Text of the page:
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4/20/22 2,000,000 chickens destroyed at egg farm in Minnesota
4/21/22 A small plane crashed in the lot of a General Mills plant in Covington, Georgia
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4/25/22 1,501,200 chickens destroyed at egg farm Cache, Utah
4/26/22 307,400 chickens destroyed at farm Lancaster Pennsylvania
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4/28/22 Allen Harim Foods processing plant killed nearly 2M chickens in Delaware
4/2822 110,700 Turkeys destroyed Barron Wisconsin
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4/29/22 1,366,200 chickens destroyed at farm Weld Colorado
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5/10/22 72,300 chickens destroyed at farm Lancaster Pennsylvania
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5/13/22 10,500 Turkeys destroyed Barron Wisconsin
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6/14/22 Over 10,000 head of cattle have reportedly died in the recent Kansas heat wave (New)
 
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imnukensc

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Do some actual fact checking when you read the scare stories.
Food processing plant fires and destroying chickens/turkeys is nothing new or alarming.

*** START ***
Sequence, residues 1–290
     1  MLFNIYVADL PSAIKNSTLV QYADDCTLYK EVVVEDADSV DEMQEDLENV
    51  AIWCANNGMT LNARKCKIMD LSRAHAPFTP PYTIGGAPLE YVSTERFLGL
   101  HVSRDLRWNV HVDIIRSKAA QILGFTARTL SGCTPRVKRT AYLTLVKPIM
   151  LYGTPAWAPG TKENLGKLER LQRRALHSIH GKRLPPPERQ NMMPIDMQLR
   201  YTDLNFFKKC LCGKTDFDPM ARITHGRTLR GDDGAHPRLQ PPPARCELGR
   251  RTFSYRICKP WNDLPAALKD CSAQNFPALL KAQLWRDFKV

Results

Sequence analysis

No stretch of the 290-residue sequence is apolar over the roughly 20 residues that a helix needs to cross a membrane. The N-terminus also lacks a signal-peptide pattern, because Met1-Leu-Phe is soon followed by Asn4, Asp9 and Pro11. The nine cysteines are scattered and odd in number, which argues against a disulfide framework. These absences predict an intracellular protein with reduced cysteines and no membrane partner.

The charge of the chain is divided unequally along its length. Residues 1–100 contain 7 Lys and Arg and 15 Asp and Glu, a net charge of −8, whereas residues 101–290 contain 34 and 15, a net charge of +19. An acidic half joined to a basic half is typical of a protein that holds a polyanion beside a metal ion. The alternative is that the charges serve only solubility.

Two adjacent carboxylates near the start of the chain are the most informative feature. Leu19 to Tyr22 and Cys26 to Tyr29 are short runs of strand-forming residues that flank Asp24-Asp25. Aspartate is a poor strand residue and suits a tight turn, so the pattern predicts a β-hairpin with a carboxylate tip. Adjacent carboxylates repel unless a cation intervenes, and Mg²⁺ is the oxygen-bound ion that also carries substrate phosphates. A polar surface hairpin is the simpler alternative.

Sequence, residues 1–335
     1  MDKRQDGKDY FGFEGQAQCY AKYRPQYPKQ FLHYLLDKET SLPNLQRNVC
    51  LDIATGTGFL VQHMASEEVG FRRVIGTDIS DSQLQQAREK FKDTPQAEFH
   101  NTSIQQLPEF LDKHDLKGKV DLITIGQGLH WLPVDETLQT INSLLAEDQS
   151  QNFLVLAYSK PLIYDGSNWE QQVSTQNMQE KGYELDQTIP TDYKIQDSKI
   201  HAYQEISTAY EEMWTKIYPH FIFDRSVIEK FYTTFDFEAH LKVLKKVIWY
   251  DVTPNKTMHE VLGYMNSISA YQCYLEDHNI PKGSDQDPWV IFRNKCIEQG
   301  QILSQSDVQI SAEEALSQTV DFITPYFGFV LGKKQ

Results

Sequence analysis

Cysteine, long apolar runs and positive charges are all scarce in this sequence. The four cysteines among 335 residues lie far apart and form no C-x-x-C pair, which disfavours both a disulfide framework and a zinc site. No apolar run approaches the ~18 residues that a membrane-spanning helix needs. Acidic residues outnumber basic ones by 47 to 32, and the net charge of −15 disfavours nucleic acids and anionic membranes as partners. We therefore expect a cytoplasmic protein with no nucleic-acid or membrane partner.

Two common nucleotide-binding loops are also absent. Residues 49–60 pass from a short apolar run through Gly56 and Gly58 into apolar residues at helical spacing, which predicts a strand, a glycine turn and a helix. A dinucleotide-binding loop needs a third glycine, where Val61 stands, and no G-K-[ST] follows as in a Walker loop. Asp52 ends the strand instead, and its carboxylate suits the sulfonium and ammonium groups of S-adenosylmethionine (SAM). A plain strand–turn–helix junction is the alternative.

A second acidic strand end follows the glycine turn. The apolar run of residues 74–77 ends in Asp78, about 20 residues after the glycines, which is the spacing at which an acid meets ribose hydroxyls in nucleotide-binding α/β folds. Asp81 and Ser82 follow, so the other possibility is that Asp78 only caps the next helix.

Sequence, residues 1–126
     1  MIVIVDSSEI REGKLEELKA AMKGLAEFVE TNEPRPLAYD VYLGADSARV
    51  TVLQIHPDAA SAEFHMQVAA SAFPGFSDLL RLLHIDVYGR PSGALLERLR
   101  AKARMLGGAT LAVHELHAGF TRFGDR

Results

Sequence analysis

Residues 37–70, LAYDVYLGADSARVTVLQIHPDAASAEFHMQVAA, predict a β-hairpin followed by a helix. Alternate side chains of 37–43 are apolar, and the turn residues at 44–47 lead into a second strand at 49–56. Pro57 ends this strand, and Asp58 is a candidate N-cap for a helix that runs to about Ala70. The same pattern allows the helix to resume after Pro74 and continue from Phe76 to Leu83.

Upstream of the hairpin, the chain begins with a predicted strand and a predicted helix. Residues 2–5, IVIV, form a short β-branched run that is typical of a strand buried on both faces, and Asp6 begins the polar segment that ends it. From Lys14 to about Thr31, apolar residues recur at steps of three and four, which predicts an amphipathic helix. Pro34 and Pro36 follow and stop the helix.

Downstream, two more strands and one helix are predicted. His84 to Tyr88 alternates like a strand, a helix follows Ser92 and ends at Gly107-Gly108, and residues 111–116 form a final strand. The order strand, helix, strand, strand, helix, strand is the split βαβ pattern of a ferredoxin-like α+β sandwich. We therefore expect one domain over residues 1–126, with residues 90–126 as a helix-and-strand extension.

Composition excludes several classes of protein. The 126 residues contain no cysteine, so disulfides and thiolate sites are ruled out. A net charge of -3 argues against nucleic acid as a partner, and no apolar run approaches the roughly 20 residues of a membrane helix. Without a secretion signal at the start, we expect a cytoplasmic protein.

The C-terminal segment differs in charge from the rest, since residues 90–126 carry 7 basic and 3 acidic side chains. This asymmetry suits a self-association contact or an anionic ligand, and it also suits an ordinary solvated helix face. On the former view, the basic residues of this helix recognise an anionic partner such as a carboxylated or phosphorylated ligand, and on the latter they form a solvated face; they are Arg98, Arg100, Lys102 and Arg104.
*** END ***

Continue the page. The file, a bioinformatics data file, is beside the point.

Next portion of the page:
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D2Cat

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Do some actual fact checking when you read the scare stories.
Food processing plant fires and destroying chickens/turkeys is nothing new or alarming.
Look at the number of forced shut down food producing plants and the time frame it has all happened. You think that number in that time frame is not unusual?
 
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D2Cat

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Quick search shows US slaughters 30, 000,000 head a year. This event is only 0.03% of the year.
This looks bad and sounds bad, but I bet it is only a small blip on the cattle radar.
The percentage of animals slaughtered annually compare to these deaths is not the issue. What was the cause of death in such a limited area and time is the issue. Facts from a necropsy performed by independent veterinarians may be more truthful.
 
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sheepfarmer

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The percentage of animals slaughtered annually compare to these deaths is not the issue. What was the cause of death in such a limited area and time is the issue. Facts from a necropsy performed by independent veterinarians may be more truthful.
Yes that is the point. Half the time when a horse colics it is a "management issue", eg how the horse was being fed, dewormed, teeth floated etc. There are a bunch of old articles about deaths due to heat in feedlot cattle, and even recommendations about where geographically lots can be located to avoid the problem. High density of animals and pushing concentrates to them cuts the safety margin. The bacterial fermentation going on in the rumen generates heat, so the poor things have their own internal furnace going full blast in a heat wave as well. From the sound of things this particular heat event was sudden, so the feed lot managers may not have had time to change diet or activate sprinklers. A management problem, very likely accidental.

Btw there is a good reason cattle in tropical climates are white. Black angus are at a disadvantage in hot unshaded lots.